“I think as hockey is getting more and more specialized, the official plans for everybody are more sophisticated.

“All player now are either training in a group, or they have their own strength coaches. Everybody is being pushed in the offseason.

“So we really try to use this camp to take guys to the next level so they understand what their limitations are and what their strengths are.

“And when they leave the camp they have some sort of a plan to tackle their limitations and to improve their strengths as well.

“That is what we believe in: That everybody has to be special to survive in the NHL.”

For the players who are not yet professionals, the sense of beginning a transition is palpable.

“So far so good,” said Dennis Cholowski, the 18-year-old from Langley, British Columbia, whom the Wings picked in the first round two weeks ago.

“Just coming here and getting to see the rink and meeting all of the players and getting to see Ken Holland and meet all those guys (in management) and just kind of getting acquainted with the whole process and being able to come out here and compete with really good players, it’s really special for me.”

A second round pick, Givani Smith, said he is intent on soaking it all in.

“It’s my first development camp,” said the 18-year-old from Thornhill, Ontario. “I’m taking what they have for me and slowly improving over the summer.

“I’ll probably be back here next year and better than I was before.”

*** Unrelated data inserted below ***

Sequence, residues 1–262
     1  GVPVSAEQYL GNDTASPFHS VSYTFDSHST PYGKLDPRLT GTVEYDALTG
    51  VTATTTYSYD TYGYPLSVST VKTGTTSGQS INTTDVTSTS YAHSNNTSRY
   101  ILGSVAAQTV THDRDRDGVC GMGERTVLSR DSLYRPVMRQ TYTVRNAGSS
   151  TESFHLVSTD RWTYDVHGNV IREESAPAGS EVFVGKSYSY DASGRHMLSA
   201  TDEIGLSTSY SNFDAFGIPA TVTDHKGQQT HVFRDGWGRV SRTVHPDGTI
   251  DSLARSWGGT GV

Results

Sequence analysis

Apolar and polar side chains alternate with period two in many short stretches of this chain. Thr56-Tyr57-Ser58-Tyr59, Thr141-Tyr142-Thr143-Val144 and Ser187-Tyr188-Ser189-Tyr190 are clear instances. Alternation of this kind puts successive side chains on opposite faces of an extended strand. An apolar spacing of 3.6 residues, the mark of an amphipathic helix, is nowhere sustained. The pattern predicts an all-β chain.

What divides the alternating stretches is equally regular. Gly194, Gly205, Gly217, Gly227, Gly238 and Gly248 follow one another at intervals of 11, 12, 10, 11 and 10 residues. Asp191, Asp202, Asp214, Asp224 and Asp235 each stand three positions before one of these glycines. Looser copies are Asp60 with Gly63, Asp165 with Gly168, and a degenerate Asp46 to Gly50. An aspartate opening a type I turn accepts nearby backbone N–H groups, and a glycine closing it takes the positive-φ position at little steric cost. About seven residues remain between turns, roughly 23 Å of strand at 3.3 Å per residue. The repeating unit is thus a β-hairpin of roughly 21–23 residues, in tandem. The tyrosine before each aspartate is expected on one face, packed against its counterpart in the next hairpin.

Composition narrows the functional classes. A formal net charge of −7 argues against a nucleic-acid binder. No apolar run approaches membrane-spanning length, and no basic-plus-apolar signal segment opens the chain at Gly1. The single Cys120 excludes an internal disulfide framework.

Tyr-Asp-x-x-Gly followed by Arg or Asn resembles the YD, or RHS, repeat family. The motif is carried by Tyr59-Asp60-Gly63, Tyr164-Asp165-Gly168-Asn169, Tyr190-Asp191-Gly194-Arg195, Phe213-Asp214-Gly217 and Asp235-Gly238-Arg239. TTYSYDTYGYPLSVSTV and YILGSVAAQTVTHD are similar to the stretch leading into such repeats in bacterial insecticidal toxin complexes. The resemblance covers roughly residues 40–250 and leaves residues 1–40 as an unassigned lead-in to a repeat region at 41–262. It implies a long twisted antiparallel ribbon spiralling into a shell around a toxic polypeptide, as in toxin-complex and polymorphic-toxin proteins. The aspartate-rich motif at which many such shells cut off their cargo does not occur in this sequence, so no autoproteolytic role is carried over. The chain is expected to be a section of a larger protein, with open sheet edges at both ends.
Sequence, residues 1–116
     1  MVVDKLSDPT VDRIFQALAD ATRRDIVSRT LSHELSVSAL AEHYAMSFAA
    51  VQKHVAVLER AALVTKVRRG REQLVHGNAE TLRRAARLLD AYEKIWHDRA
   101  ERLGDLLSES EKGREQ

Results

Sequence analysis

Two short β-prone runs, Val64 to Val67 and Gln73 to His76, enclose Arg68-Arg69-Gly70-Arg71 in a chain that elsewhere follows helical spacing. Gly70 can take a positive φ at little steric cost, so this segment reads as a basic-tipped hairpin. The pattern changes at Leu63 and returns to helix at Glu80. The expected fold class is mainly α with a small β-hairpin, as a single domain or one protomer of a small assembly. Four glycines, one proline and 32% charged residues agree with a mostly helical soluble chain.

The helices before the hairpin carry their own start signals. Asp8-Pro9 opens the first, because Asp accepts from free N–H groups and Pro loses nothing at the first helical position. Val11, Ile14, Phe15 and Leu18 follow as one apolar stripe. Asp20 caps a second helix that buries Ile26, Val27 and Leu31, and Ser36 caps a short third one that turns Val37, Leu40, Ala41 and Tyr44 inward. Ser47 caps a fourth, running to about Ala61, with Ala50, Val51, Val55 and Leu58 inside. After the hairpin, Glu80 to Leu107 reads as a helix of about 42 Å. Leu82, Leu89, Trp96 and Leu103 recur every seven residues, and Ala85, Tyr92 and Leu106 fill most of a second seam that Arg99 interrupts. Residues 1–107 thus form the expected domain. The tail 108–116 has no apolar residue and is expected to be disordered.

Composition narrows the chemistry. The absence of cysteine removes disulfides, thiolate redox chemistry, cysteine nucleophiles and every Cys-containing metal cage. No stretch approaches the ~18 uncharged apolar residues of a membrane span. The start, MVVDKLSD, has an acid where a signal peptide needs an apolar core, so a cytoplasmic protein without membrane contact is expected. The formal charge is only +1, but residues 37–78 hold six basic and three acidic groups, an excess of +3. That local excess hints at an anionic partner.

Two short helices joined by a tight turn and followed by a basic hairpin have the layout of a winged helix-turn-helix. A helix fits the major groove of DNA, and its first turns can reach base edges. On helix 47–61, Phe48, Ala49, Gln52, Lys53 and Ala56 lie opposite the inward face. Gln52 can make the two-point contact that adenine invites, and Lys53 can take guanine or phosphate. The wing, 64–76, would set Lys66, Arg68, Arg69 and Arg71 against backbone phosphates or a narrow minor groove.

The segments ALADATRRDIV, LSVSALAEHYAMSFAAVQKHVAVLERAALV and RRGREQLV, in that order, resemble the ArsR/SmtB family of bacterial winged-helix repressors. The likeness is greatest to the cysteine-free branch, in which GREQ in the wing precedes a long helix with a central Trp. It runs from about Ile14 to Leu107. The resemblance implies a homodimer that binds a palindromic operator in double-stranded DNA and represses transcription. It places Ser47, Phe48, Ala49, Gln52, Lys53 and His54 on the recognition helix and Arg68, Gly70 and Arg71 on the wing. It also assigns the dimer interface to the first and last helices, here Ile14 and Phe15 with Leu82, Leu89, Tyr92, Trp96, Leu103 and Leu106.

Red Wings management considers the seemingly commonplace events like the ping-pong, curling and cooking competitions essential to player development.

Players who gather with other players amid a sense of camaraderie, whether in the weight room, during on-ice drills and the offseason conditioning routines, or just to encourage each other in the discipline required to eat properly and eschew the cheeseburgers, fries and pizza, are generally more successful

“Some of these guys are going to play for the Red Wings,” Fischer said. “These are the best prospects that we have. In the meantime, they should get to know each other and they should be competitive within the group.”

Quick adjustment

All of which is not to say there is no work. There is plenty, including four days of repeated drills in on-ice skill development, on-ice conditioning, on-ice practice and off-ice workouts, in addition to the two scrimmages.

Nelson said the camp is based on skill, with instruction, proceeding to drills and then practice.

“The guys who have one year of professional hockey under their belts, they know the drills,” Nelson said. “They’re timing is just a bit better.

“And that’s normal.’

The coach’s message for Thursday was telling some of the young guys to stop “going 110 miles an hour,” trying to impress the brass, and backing off enough to properly execute.

When that standard is met, Nelson said, acceleration is appropriate.

For Holland the scrimmages will provide the moments to judge where the prospects are and what parts of their game are strong and what needs improvement.

“This week and the first week of training camp are about the future,” Holland said. “It’s looking at players that you think might one day be Red Wings.

“It’s about hope for the franchise.”